Should faulty birth-control users win a lawsuit vs. Pfizer?

BY DI STAFF | FEBRUARY 10, 2012 6:30 AM

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A manufacturing disaster by Pfizer Inc., one of the world's leading pharmaceutical companies, led to some birth-control pills being distributed with the pills out of order.

This means that a patient could have unknowingly skipped a pill and raised her risk of unwanted pregnancy.


Pfizer has recalled approximately 1 million packets of Lo Ovral-28 and the medicine's generic brands — meaning there is a possibility of 1 million unwanted pregnancies because of the error.

Not only should women be able to sue Pfizer for this mistake — they should win.

Of course, you can argue that the women engaged in sexual behavior leading to pregnancy, and the pill is not said to be 100 percent effective. It can be said it was the woman's choice in the first place to have sex, so she is the only one who should be held liable.

But it was the women's choice in the first place to take action preventing unwanted pregnancy — and for that they relied on one of the world's largest drug producers under the advisement of their doctors. The women were responsible enough to combat the risks of getting pregnant.

The pill is often said to be nearly 100 percent effective when used correctly — if Pfizer wants to argue the pregnancies could have happened anyway, because there is a very small percent chance its product doesn't work, it will have a hard time arguing to future patients its product works at all.

Also, it's the precedent. Giant industries such as pharmaceutical companies should not be able to get away with their products being defective. They can't just get away with dodgy arguments such as "a person may have gotten pregnant either way" or "you should have used another means of birth-control along with the pill."

Pfizer packaged the pills wrong. It made a mistake. Women who may have been victims of this mistake will have their entire lives changed, good or bad, not by choice, but by a company's error.

If we don't hold these companies liable, then what does the precedent say? The auto industry shouldn't be held liable for faulty brake systems because there is a relatively high chance drivers would have died in a crash anyways.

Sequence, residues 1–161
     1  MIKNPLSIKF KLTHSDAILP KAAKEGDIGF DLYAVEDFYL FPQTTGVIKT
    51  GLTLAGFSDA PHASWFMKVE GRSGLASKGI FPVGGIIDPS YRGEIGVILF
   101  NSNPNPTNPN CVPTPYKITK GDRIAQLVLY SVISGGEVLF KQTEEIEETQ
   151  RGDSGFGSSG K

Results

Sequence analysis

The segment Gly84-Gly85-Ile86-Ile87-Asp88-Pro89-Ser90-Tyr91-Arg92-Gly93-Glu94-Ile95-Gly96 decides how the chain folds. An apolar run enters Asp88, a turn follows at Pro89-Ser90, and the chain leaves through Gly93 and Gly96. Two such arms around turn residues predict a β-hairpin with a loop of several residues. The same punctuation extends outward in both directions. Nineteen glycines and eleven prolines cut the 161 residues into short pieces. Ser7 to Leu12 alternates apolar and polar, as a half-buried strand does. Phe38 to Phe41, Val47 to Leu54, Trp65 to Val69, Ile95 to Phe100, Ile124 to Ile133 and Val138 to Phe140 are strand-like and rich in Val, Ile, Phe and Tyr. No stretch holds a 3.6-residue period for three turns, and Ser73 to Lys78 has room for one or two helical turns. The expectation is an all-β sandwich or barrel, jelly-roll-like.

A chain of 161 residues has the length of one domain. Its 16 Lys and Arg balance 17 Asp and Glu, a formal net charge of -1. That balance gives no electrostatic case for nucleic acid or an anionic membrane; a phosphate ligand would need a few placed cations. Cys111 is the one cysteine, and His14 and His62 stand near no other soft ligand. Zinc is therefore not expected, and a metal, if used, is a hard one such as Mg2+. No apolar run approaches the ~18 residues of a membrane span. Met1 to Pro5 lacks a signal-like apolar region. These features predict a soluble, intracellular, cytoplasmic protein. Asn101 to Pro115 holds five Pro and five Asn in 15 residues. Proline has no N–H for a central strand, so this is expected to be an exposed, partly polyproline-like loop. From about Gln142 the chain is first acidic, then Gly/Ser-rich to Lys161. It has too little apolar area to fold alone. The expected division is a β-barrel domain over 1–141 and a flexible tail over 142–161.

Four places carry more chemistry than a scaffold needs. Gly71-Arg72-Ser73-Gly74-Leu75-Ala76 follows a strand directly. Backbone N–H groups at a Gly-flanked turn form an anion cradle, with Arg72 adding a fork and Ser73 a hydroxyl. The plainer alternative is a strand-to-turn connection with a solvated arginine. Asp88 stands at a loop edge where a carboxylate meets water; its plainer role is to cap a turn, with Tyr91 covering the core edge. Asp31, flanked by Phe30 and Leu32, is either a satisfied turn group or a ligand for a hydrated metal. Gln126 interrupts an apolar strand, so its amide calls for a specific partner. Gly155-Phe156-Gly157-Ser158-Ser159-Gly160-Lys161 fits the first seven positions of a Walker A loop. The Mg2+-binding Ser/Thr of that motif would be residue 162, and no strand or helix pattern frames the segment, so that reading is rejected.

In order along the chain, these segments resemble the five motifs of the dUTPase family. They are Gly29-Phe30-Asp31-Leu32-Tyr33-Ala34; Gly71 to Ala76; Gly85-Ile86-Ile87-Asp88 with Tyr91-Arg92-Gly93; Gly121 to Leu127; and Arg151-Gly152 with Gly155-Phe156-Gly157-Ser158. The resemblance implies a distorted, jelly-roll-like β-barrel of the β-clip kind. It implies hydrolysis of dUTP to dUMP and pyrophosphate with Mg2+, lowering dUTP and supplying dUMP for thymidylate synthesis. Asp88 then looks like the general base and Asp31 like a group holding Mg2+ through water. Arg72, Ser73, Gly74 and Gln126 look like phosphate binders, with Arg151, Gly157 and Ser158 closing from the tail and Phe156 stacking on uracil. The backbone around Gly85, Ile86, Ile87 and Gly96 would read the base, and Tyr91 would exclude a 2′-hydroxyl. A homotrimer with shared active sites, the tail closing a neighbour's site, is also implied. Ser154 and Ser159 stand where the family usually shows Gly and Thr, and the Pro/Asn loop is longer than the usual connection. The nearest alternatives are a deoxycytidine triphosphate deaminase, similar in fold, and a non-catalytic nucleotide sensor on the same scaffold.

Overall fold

No — the company manufactured a defective product and it should compensate the customers who were victims of its mistake.

— Benjamin Evans


The recent Pfizer recall of a popular birth-control pill has caused quite the buzz in the female community, especially on college campuses, where sex is always a hot topic. Along with this recall, debates have risen over whether women will have the right to sue Pfizer if the faulty pills result in an unintended pregnancy.

It would be naïve to believe that a lawsuit against Pfizer would be possible or even justified.

The recalled pill, Lo Ovral-28, comes with an insert in every pill-pack that charts statistics about the effectiveness of this pill. Not once does this insert claim that the pill is 100 percent effective and is actually only 91.3 percent effective with women's ideal use of the pill (not taking it at the same time of day, skipping pills, etc.).

Because the company never claims that the pill is 100 percent effective, women cannot file a suit against the company for a risk about which they have been warned repeatedly.

If women were to disregard this logic and file a suit against Pfizer, it would be a civil suit that would be messy and unproductive. The amount of money they would demand to compensate for their pregnancy could possibly creep up to $226,920 each, which is the average cost of raising a child in the United States.

Another negative effect of this civil suit is that it would be fairly easy and convenient for women taking this recalled pill to jump on the compensation bandwagon and take advantage of the situation.

One million packs were recalled, and if every woman on this pill claimed a part of the compensation not only might this bankrupt Pfizer, but not all the women would be compensated.

The claim to any sort of compensation from Pfizer for an unintended pregnancy is unrealistic because it is virtually impossible to place the blame on Pfizer when it never claim its product to be 100 percent effective. If a lawsuit were to follow these recalls, it would be chaotic and have no positive outcomes.

This should not even be a debated issue. What ever happened to consumer responsibility?

— Rebecca Abellera

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